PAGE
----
6. Nit (head lice egg) combs, often found in lice medicine packages should be used to remove nits and lice from the hair shaft. Many flea combs made for cats and dogs are also effective
  7. After the initial treatment, check, comb, and remove nits and lice from hair every two to three days
  8. Re-treat in seven to 10 days
  9. Check all treated people for two to three weeks until you are sure all lice and nits are gone.

Treating the house:
Treating the whole house is a laborious but important task. Follow these steps:

  1. Machine wash all washable clothing and bed linens that the infested person touched during the two days before treatment (to kill the lice and nits). Use the hot water cycle (130 degrees F; 55 degrees C) to wash clothes. Dry laundry using the hot cycle for at least 20 minutes
  2. Dry clean clothing that is not washable (coats, hats, scarves, etc.), or store all clothing, stuffed animals, comforters, etc., that cannot be washed or dry cleaned into a plastic bag and seal it for two weeks
  3. Soak combs and brushes for one hour in rubbing alcohol, Lysol, or wash with soap and hot (130 degrees F; 55 degrees C) water and then place in bag and leave in freezer for two days
  4. Vacuum the floor and furniture. Do not use fumigant sprays. (They can be toxic if inhaled.)

Removing By Hand

If your child is 2 years old or younger, you should not use medicated lice treatments. You’ll need to remove the nits and lice by hand.

To remove lice and nits by hand, use a fine-tooth comb on your child’s wet, conditioned hair every 3 to 4 days for 2 weeks after the last live louse was seen. Wetting the hair beforehand is recommended because it temporarily immobilizes the lice and the conditioner makes it easier to get a comb through the hair.

Wet combing is also an alternative to pesticide treatments in older kids. Though petroleum jelly, mayonnaise, or olive oil is sometimes used in an attempt to suffocate head lice, these treatments have not been proven to be effective.

DON’T

In your efforts to get rid of the bugs, there are some things you shouldn’t do. Some don’ts of head lice treatment include:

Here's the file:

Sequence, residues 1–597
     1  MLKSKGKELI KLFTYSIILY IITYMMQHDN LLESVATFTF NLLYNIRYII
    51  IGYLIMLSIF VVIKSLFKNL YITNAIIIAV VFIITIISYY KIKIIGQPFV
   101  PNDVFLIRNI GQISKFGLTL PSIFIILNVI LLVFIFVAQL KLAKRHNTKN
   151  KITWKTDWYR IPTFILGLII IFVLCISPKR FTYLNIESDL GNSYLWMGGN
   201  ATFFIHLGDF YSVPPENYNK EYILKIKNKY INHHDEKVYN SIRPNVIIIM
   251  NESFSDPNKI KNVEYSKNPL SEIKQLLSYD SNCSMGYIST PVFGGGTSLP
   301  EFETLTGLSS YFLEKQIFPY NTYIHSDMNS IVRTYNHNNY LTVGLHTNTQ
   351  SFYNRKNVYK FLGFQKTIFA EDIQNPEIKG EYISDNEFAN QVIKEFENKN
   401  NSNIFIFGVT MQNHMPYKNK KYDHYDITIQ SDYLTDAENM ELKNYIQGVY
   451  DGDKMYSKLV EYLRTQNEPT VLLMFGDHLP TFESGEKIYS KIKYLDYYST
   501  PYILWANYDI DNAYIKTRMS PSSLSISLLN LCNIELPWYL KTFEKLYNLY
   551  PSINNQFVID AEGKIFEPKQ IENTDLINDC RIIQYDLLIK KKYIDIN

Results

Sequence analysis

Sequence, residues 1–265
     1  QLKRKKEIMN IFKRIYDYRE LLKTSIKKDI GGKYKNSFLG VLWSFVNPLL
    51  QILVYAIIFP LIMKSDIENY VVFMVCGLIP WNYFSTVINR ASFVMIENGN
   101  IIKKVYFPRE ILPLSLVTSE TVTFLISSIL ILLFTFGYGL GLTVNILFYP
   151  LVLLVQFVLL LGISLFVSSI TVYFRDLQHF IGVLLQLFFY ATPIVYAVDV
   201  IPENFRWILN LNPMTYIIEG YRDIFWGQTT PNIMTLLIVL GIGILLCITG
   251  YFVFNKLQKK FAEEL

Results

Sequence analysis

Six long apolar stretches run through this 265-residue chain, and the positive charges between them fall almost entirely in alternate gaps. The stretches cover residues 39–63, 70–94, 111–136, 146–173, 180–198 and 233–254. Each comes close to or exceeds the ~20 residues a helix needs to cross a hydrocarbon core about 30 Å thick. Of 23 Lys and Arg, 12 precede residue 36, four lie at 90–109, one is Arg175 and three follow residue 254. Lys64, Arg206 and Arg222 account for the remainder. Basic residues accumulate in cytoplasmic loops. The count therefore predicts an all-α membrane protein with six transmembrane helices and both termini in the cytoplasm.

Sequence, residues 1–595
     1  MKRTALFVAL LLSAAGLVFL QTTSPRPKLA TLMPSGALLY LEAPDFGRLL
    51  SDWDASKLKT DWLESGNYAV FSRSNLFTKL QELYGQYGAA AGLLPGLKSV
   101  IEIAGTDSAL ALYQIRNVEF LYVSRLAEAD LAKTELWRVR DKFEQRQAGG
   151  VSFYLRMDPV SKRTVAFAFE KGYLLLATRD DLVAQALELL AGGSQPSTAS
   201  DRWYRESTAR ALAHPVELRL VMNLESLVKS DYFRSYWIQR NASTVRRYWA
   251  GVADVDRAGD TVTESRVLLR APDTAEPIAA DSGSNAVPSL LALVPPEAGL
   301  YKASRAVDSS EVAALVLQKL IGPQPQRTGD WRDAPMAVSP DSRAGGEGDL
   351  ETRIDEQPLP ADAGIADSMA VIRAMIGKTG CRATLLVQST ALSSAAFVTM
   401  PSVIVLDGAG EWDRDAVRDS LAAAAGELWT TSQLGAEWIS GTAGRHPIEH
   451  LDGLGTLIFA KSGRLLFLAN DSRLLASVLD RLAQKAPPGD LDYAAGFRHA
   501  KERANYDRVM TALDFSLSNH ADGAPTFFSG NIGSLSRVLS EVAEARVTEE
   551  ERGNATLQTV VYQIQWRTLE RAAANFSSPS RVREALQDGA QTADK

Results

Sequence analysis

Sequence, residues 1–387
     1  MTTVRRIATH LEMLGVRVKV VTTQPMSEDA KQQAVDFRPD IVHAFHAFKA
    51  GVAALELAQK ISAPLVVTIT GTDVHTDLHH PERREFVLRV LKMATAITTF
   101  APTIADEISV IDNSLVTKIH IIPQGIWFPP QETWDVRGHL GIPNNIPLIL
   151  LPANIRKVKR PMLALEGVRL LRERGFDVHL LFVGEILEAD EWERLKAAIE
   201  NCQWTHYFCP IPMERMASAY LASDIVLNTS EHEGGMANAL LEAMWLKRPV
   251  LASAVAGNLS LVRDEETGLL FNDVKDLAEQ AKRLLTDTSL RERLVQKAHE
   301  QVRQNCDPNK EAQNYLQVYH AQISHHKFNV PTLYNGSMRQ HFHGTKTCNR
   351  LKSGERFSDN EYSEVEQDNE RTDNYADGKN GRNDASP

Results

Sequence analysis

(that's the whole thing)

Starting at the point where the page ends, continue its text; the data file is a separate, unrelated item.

• Don’t use a hair dryer on your child’s hair after applying any of the currently available scalp treatments because some contain flammable ingredients.
  • Don’t use a cream rinse or shampoo/conditioner combination before applying lice medication.
  • Don’t wash your child’s hair for 1 to 2 days after using a medicated treatment.
  • Don’t use sprays or hire a pest control company to try to get rid of the lice, as they can be harmful.
  • Don’t use the same medication more than three times on one person. If it doesn’t seem to be working, your doctor may recommend another medication.
  • Don’t use more than one head lice medication at a time.

How Can I Prevent Lice?

Having head lice is not a sign of uncleanliness or poor hygiene. The pesky little bugs can be a problem for kids of all ages and socioeconomic levels, no matter how often they do — or don’t — clean their hair or bathe.

However, you can help to prevent kids from getting lice — or from becoming reinfested with lice — by taking the following precautions:

  • Tell kids to try to avoid head-to-head contact at school (in gym, on the playground, or during sports) and while playing at home with other children.
  • Tell kids not to share combs, brushes, hats, scarves, bandanas, ribbons, barrettes, hair ties or bands, towels, helmets, or other personal care items with anyone else, whether they may have lice or not.
  • Tell kids not to lie on bedding, pillows, and carpets that have recently been used by someone with lice.
  • Every 3 or 4 days, examine members of your household who have had close contact with a person who has lice. Then, treat those who are found to have lice or nits close to the scalp.

As many parents know firsthand, lice infestation can be a persistent nuisance, especially in group settings. If your child still has lice and you’ve followed every recommendation, it could be because:

  • some nits were left behind
  • your child is still being exposed to someone with lice
  • the treatment you’re using isn’t effective

There’s no doubt that they can be hard bugs to get rid of. If your child still has lice 2 weeks after you started treatment or if your child’s scalp looks infected, call your doctor.

No matter how long the problem lasts, be sure to emphasize to your child that although having lice can certainly be very embarrassing, anyone can get them. It’s important for kids to understand that they haven’t done anything wrong and that having lice doesn’t make them dirty. And reassure them that as aggravating as getting rid of the annoying insects can be, there is light at the end of the tunnel.

Be patient and follow the treatments and prevention tips as directed by your doctor for keeping the bugs at bay, and you’ll be well on your way to keeping your family lice-free.